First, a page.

Obituary: Mike Harris (1939-2023) conducted a pioneering study on the Waved Albatross in the 1960s

Mike Harris with an Atlantic Puffin on the Isle of May, photograph by Keith Brockie

Well-known and highly regarded marine ornithologist Mike Harris passed away on 17 December after a short illness, at the age of 84.  Originally from Wales, where he earned his PhD on gulls, Emeritus Professor Michael Philip Harris was a long-time (since 1972) researcher based at the UK Centre for Ecology & Hydrology in Scotland.  He is known for his many studies on a wide range of seabirds, notably the Vulnerable Atlantic Puffin Fratercula arctica, the subject of two books he wrote, the first in 1984, the second in 2011 co-authored with his wife and fellow seabird researcher, Sarah Wanless.  Research Gate lists him as having an impressive 328 publications with 15 216 citations.  His latest publication, co-authored in the prestigious journal Evolution, was published as recently as October.

During his early career Mike travelled to The Galapagos in the 1960s to undertake ecological research on a wide range of seabirds, notably on two species of storm petrels, but also including on the Waved Albatross Phoebastria irrorata, with several pioneering publications ensuing on this now Critically Endangered species, as listed below.

We went on a field trip together in (I think) December 1976, visiting Langebaan Lagoon and overnighting on Marcus Island in Saldanha Bay on South Africa’s west coast.  I was then trying to set up a long-term study colony of African Penguins Spheniscus demersus, and it was good to get Mike’s advice.  Sadly, the now Endangered penguin has all but deserted the island, due to a continuing decline in its overall population size, caused primarily by overfishing.  His 1974 A Field Guide to the Birds of the Galapagos has long been in my study library.  Getting it out now I see he signed it for me “with many thanks for a great time”.  Other meetings followed at international seabird conferences over the years.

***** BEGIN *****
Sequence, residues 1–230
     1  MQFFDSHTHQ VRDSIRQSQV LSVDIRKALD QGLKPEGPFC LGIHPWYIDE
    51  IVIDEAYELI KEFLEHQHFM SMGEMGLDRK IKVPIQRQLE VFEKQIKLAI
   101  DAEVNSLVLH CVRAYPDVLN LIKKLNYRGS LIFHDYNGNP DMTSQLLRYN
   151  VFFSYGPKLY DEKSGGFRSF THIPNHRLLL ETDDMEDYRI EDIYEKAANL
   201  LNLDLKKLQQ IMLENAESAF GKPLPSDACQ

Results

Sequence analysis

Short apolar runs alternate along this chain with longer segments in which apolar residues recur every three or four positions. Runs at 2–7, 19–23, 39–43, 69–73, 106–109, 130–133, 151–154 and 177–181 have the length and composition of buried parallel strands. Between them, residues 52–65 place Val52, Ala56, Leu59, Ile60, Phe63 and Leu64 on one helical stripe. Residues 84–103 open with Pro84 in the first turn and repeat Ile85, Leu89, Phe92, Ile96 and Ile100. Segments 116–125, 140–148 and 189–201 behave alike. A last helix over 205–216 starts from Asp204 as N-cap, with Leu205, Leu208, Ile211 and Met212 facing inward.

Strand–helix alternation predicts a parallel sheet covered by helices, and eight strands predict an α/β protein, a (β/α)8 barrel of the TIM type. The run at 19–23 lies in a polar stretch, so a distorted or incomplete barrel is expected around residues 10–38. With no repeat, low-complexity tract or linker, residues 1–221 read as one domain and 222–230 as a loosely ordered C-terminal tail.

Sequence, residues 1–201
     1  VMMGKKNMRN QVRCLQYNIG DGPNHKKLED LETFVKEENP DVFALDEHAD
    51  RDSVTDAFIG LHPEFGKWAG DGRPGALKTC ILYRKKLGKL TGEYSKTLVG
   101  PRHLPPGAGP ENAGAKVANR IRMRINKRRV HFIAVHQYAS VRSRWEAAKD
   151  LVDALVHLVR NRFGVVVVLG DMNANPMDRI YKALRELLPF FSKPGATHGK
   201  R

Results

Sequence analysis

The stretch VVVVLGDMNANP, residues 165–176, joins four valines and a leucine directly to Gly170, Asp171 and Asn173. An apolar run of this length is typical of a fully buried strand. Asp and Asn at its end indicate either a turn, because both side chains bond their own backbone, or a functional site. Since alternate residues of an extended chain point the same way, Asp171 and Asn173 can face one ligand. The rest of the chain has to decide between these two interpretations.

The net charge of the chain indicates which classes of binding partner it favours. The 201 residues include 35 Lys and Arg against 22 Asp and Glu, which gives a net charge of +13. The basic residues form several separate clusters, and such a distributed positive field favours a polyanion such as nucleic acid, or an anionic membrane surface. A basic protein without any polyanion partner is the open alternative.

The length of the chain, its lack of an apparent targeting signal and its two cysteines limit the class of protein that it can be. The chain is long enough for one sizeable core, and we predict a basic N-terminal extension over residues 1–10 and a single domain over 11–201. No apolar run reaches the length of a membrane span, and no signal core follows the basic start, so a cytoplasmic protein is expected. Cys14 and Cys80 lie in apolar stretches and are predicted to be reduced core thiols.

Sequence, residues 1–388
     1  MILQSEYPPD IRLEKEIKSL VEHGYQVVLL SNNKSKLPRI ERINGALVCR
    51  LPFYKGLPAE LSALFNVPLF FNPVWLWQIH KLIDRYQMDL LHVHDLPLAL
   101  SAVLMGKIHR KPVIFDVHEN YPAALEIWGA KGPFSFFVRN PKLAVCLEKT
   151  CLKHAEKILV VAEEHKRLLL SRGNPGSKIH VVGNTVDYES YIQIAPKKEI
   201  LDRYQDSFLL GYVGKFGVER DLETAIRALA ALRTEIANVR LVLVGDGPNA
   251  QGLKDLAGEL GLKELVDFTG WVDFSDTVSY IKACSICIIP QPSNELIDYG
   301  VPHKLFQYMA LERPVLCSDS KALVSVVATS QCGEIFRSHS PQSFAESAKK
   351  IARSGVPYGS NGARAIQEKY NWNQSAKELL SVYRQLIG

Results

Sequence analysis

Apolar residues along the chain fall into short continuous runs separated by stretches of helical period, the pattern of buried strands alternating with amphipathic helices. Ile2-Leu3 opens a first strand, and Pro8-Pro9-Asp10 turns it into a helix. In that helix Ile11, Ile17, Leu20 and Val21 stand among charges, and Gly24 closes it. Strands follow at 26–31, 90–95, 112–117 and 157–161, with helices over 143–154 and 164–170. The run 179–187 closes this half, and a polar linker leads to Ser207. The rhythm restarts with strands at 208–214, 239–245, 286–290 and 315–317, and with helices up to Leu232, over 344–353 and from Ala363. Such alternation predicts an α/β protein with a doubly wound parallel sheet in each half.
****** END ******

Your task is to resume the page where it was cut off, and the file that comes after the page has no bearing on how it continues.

A previous Scottish colleague of mine at the University of Cape Town’s FitzPatrick Institute of African Ornithology, Mike Fraser, writes of Mike Harris’ passing: “A huge loss to the seabird research fraternity and, in particular, the Isle of May community where he knew every Puffin by its first name!  He was certainly well travelled (including, of course, South Africa) and was an outstanding field man.  He was a good pal and it’s hard to think he’s gone.”

Mike Harris justly received many accolades during his long career.  His citation for the British Ornithologists’ Union Godman-Salvin Medal, awarded to him in 2006 and published in the journal Ibis, is an impressive account of a productive career.

The Agreement on the Conservation of Albatrosses and Petrels extends its sympathies to Sarah, and his family, friends and colleagues.  He will be missed.

With thanks to Mike Fraser.

Selected bibliography

Harris, M.P. 1969.  Breeding seasons of sea-birds in the Galapagos Islands.  Journal of Zoology, London 159: 145–165.

Harris, M.P. 1973.  The biology of the Waved albatross Diomedea irrorata of Hood Island, Galapagos.  Ibis 115: 483-510.

Harris, M.P. 1979.  Survival and ages of first breeding of Galapagos seabirds.  Bird-Banding 50: 56-61.

Harris, M.P. & Batchelor, A.L. 1980.  Seabird records from the Lindblad Explorer in the South Atlantic, 1976-1978.  Marine Ornithology 8: 59-64.

Jiménez-Uzcátegui, G., Harris, M.P., Sevilla, C.R., & Huyvaert, K.P. 2016.  Longevity records for the Waved Albatross Phoebastria irrorata.  Marine Ornithology 44: 133-134.

John Cooper, Emeritus Information Officer, Agreement on the Conservation of Albatrosses and Petrels, 21 December 2023

The Agreement on the
Conservation of Albatrosses and Petrels

ACAP is a multilateral agreement which seeks to conserve listed albatrosses, petrels and shearwaters by coordinating international activity to mitigate known threats to their populations.

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